I think now I am in the “acceptance” phase of this new normal – stay-at-home restrictions, which is in effect in most of the countries including mine. So what better time than now to finish up the backlog of posts that have been waiting for me to put them out – you know something like in the “Pensieve” from the Harry Potter world. Interestingly, Portugal has a lot to do with HP! You’ll see in the next posts, if you didn’t already know :-). Stay tuned!
Unbelievable that the previous post was on the 29th of December, when 2018 was still “last year”. Now the experience that I wanted to write about, has become from 2 years ago!
Anyhow, let’s continue. So on the second morning, I got some breakfast at the place I was staying. It was not a lot due to my dietary restrictions, but was enough to get me started.
It was a pleasant day – not cold nor hot. There were clouds but sometimes the sun would peek out, making the views change completely. I had planned to go for the tour of the Alfama neighborhood that day but it was still some time before it was to start. So I had enough time to explore the public transport viz. buses and trams, go through the zig-zag, hilly streets, discover some souvenir shops to come back to later, and best of all – find the miradouros! Remember the miradouros from the last post? They are the view-points with awesome views over the hilly city and the sea side.
Let me tell a bit of history of Lisbon/Portugal here. It has been a human settlement since around 3200 years, with Iberians, Celts and then the Phoenicians. The Phoenicians are the ones who introduced alphabets and the one thing that Portuguese are crazy about till today – the Sardines!
Then came the Carthaginians, followed by the Romans, Germanic tribes, Visigoths and Moors. Finally the Christian crusaders took over and since then Portugal has been a Christian country. Of course, you know the famous Vasco de Gama and his explorations, who probably was the most famous explorer for having discovered the sea route to India, in the European Age of Discoveries/Explorations (15th -17th centuries). The beautiful blue/white tiles that are found adorning buildings everywhere in Portugal, and wherever the Portuguese made their colonies – be it Macau or Brazil, they are called Azulejos. They came in fashion first of all in the 15th century when King Manuel I visited Seville and impressed with the tiles, brought the idea to Portugal. The word itself is of Arabic origin which means “small polished stone”. It lost favor in early 20th century but made a revival and now you see it everywhere in Portugal!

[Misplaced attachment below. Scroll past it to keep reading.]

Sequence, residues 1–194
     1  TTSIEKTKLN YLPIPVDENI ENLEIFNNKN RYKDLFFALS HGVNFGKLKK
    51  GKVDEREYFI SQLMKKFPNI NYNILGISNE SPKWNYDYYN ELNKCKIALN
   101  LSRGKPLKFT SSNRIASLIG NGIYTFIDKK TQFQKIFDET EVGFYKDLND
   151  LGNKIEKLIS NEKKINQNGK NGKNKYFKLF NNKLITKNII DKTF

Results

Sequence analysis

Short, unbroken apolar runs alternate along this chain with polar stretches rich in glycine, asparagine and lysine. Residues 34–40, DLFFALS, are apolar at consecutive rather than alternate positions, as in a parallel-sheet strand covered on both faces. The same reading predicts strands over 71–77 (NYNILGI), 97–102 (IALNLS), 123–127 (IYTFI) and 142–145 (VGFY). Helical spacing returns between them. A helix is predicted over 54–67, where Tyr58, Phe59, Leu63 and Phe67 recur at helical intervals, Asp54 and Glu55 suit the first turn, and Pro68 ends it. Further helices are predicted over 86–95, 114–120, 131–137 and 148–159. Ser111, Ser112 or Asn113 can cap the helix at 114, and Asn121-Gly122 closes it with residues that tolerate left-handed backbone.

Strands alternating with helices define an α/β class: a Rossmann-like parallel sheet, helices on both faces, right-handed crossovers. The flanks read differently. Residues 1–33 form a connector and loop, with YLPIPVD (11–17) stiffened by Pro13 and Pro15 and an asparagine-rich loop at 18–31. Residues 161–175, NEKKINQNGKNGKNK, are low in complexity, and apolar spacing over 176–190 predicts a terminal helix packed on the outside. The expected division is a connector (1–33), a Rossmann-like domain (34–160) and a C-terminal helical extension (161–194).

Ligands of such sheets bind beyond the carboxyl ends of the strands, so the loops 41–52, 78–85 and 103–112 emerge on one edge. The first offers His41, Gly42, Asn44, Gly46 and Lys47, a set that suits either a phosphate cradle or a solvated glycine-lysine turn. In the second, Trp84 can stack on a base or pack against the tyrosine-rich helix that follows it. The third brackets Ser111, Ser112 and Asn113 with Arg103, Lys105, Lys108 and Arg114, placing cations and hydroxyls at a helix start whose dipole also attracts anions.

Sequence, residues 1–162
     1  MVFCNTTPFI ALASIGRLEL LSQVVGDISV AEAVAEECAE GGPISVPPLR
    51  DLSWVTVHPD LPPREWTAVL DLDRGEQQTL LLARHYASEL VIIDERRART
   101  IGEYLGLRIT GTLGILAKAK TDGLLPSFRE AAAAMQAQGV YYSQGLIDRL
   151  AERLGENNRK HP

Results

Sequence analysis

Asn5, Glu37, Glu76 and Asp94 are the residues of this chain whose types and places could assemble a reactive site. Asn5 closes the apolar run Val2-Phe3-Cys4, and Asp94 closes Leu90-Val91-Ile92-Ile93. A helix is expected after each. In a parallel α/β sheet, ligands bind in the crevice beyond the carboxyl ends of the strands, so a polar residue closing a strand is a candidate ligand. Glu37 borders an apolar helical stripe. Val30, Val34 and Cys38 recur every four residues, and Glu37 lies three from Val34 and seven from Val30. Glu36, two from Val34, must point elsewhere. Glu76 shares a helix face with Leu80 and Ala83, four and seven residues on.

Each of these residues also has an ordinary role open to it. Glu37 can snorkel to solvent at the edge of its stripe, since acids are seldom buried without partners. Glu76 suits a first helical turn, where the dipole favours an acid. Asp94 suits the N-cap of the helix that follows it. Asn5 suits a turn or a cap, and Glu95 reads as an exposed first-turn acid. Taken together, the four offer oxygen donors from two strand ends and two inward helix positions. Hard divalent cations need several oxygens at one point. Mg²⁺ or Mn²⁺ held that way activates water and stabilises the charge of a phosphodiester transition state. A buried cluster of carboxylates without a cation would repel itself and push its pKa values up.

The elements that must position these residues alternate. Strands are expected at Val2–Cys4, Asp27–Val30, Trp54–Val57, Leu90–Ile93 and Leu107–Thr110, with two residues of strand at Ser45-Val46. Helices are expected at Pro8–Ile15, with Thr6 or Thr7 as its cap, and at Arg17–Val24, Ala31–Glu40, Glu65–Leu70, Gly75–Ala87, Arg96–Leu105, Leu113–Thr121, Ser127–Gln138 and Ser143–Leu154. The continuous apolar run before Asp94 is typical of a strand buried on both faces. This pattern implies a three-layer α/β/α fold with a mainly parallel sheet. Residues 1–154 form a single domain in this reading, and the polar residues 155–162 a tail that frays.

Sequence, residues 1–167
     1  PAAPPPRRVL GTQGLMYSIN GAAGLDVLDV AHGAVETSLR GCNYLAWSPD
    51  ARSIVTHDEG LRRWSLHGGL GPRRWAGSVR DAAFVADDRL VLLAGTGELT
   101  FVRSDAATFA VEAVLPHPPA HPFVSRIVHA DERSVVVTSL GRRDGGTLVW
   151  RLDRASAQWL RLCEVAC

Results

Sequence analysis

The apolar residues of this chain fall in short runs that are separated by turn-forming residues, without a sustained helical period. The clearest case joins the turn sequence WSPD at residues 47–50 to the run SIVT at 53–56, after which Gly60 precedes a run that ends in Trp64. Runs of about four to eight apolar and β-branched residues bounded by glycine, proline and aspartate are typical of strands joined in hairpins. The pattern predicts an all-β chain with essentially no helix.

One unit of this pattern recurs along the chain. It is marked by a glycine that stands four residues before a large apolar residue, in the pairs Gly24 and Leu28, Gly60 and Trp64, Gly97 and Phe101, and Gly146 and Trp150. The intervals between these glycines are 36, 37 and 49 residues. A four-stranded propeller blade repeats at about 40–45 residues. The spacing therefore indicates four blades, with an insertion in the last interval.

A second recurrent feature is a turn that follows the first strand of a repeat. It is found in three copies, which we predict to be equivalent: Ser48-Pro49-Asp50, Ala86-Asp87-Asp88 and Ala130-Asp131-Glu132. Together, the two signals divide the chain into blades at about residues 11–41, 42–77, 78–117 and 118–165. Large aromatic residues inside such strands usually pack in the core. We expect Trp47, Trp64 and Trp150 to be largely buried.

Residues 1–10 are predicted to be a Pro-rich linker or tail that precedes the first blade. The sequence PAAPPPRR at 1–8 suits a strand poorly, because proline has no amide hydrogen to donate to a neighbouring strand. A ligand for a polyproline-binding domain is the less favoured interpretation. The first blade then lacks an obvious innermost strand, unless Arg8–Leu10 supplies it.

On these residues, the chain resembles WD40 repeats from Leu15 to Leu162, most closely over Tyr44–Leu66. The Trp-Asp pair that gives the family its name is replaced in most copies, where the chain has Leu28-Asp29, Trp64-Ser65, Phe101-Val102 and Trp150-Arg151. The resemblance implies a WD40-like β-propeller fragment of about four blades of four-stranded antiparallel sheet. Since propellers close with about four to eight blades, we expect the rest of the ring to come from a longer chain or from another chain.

Now back to the relative present, which 2018 seems to be, compared to the 15th century. After taking a couple of pictures at the miradouros, I made my way to the meeting point. It was at the foot of the St. George castle. I waited but didn’t see anyone else but gradually people started coming. There was no sign of the tour guide still and people began checking their watches and asking each other if everyone was there for the walking tour. Finally the guide came. I’ve forgotten now what was the reason for the delay, but that is unimportant now. Our brains are amazing – a lot of things that makes you annoyed or happy one instant, become totally worthless when you visit that moment in retrospect. Doesn’t that happen with you too?